Gola Rainforest Protection
The Gola Rainforest National Park in south-east Sierra Leone is one of the world’s most important biodiversity hotspots. The Gola REDD project is working with local communities and other key stakeholders to manage the park’s forests sustainably through a focus on land use planning, agroforestry, education, health and sustainable agriculture – helping rebuild lives following over a decade of war and the worst ever Ebola outbreak.
Already training and support in sustainable cocoa production has opened up routes to the Western markets. To date 168 staff are employed and 122 communities supported. 140,000 hectares are being managed (70,000 hectares of the park itself and a 70,000-hectare buffer zone). Protecting habitat for 327 bird species, 650 endemic plant species, and 49 species of larger mammals, including the elusive Pygmy Hippo and the Western Chimpanzee. The project will reduce 5m tonnes of CO2 emissions by 2021.
ClimateCare has partnered with Gola Rainforest Conservation LG (an equal partnership between the Government of Sierra Leone, the Conservation Society of Sierra Leone, the Royal Society for the Protection of Birds and the Gola Communities). They are working together to help keep Gola’s trees standing – for its wildlife, the rural communities that depend on it, and the planet.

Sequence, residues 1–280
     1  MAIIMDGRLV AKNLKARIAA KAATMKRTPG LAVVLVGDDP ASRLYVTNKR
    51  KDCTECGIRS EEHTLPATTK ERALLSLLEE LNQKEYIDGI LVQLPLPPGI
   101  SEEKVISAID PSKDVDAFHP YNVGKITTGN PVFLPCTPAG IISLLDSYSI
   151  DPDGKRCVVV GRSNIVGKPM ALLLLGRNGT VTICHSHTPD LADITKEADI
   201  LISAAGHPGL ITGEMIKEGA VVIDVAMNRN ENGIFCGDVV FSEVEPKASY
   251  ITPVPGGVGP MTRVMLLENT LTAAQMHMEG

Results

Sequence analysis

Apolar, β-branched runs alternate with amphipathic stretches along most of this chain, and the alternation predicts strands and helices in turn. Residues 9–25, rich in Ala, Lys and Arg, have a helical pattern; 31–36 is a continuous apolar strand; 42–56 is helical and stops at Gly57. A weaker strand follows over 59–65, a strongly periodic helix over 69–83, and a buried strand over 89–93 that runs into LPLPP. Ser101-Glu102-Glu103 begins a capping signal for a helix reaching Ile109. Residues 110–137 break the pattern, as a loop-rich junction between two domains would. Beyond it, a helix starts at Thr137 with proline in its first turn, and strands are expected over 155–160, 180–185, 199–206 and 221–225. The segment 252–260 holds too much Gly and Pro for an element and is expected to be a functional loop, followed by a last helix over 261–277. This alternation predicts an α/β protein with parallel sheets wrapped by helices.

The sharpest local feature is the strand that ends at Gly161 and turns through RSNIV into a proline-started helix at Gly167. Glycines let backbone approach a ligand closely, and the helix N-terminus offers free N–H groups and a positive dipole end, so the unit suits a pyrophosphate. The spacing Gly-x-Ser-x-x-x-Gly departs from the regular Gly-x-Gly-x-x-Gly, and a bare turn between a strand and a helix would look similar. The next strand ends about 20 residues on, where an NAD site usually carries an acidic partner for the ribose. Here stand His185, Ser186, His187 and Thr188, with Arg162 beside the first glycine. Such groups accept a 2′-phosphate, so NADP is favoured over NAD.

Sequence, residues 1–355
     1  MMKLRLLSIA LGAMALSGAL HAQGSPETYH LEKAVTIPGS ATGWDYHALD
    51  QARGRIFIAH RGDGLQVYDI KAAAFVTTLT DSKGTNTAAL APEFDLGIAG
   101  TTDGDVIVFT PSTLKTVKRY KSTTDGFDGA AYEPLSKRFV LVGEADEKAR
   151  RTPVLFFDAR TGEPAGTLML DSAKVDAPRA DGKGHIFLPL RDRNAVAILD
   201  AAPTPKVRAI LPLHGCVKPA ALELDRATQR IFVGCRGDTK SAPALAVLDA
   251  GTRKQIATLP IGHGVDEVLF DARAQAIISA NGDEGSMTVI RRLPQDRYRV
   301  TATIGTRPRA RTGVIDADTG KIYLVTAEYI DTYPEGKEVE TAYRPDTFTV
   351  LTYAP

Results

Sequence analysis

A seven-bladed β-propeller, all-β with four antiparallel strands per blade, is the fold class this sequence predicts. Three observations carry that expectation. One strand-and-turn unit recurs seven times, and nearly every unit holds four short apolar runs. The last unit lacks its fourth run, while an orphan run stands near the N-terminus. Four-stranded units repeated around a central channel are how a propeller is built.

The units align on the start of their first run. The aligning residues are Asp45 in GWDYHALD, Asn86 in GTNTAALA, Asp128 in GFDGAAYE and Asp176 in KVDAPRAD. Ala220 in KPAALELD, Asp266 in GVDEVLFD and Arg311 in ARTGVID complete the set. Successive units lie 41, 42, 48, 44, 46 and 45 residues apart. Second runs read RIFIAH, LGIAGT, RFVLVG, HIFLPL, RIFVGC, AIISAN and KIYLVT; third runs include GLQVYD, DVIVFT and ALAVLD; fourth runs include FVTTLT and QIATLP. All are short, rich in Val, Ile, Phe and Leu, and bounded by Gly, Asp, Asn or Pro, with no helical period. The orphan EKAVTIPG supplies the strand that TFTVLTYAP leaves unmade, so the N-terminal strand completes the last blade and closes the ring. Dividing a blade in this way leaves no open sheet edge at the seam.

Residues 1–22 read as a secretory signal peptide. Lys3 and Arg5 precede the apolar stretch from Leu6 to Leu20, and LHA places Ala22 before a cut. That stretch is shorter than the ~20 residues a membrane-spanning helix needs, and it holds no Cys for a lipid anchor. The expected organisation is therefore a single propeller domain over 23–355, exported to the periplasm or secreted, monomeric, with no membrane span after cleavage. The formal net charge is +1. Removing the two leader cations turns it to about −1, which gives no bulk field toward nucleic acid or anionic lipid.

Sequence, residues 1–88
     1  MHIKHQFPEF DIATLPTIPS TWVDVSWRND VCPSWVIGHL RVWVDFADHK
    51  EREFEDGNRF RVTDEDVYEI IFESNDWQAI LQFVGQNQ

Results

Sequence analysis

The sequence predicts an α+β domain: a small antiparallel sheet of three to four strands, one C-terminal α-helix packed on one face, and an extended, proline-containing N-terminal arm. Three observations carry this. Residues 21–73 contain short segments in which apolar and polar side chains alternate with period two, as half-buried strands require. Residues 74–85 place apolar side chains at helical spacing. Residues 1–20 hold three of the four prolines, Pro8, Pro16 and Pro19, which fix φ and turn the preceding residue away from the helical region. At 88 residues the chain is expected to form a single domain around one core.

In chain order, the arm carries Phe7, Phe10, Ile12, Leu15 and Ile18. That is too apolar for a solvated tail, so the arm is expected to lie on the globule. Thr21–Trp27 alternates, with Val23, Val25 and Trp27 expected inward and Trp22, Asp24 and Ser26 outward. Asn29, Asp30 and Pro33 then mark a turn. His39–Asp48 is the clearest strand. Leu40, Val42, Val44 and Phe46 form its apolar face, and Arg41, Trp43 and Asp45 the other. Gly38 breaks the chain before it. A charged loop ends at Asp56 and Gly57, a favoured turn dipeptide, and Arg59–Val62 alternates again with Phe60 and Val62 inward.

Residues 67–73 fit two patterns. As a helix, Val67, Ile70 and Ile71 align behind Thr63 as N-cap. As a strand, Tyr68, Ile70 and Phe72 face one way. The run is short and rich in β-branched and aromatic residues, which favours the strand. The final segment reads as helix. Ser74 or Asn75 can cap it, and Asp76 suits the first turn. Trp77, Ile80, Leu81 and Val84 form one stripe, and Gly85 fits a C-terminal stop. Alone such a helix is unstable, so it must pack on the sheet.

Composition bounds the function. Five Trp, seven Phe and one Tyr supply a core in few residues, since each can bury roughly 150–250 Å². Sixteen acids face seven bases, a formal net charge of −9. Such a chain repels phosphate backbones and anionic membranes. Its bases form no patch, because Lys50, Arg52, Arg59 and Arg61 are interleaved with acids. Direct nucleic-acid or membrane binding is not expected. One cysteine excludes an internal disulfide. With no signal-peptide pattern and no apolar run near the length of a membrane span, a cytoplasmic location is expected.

Delivering towards the Global Goals
Good health and well-being
Decent work and economic growth
Sustainable cities and communities
Life below water
Life on land
Mariama is 36 years old and has a daughter who is 15 years old. Her husband died in 1999 during the civil war and she and her younger sister care for their elderly father.
Mariama is a high-school graduate and has completed a post-graduate course in computing. She wanted to earn money and was attracted to the role of Forest Guard by the nature of the work in the National Park.
Of the 116 that began field ranger training with her, Mariama was one of only 25 selected as Forest Guards.
What the carbon finance delivers
The carbon finance helped enable the designation of the area as a National Park in 2011, and ensures effective management through transparency and local involvement in conservation activities. It aims to foster a sense of stewardship for the forest in the surrounding local communities.